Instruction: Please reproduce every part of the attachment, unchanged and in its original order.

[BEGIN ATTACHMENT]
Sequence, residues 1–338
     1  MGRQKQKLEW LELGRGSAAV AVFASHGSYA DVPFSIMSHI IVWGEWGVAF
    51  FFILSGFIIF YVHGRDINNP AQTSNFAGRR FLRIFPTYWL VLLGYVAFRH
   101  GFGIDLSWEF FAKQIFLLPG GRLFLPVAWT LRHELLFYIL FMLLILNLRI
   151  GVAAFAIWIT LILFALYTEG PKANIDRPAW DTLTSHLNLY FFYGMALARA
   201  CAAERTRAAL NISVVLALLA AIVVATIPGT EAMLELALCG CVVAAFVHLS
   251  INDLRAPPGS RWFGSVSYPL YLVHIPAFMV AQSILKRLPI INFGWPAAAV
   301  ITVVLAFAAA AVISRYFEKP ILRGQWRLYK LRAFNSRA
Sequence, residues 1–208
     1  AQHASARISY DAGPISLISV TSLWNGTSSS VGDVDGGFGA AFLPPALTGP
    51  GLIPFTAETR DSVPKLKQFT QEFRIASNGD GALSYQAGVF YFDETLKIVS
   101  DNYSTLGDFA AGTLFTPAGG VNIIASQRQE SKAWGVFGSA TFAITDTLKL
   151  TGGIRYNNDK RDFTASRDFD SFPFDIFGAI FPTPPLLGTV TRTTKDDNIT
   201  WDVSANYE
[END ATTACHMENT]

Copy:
Sequence, residues 1–338
     1  MGRQKQKLEW LELGRGSAAV AVFASHGSYA DVPFSIMSHI IVWGEWGVAF
    51  FFILSGFIIF YVHGRDINNP AQTSNFAGRR FLRIFPTYWL VLLGYVAFRH
   101  GFGIDLSWEF FAKQIFLLPG GRLFLPVAWT LRHELLFYIL FMLLILNLRI
   151  GVAAFAIWIT LILFALYTEG PKANIDRPAW DTLTSHLNLY FFYGMALARA
   201  CAAERTRAAL NISVVLALLA AIVVATIPGT EAMLELALCG CVVAAFVHLS
   251  INDLRAPPGS RWFGSVSYPL YLVHIPAFMV AQSILKRLPI INFGWPAAAV
   301  ITVVLAFAAA AVISRYFEKP ILRGQWRLYK LRAFNSRA
Sequence, residues 1–208
     1  AQHASARISY DAGPISLISV TSLWNGTSSS VGDVDGGFGA AFLPPALTGP
    51  GLIPFTAETR DSVPKLKQFT QEFRIASNGD GALSYQAGVF YFDETLKIVS
   101  DNYSTLGDFA AGTLFTPAGG VNIIASQRQE SKAWGVFGSA TFAITDTLKL
   151  TGGIRYNNDK RDFTASRDFD SFPFDIFGAI FPTPPLLGTV TRTTKDDNIT
   201  WDVSANYE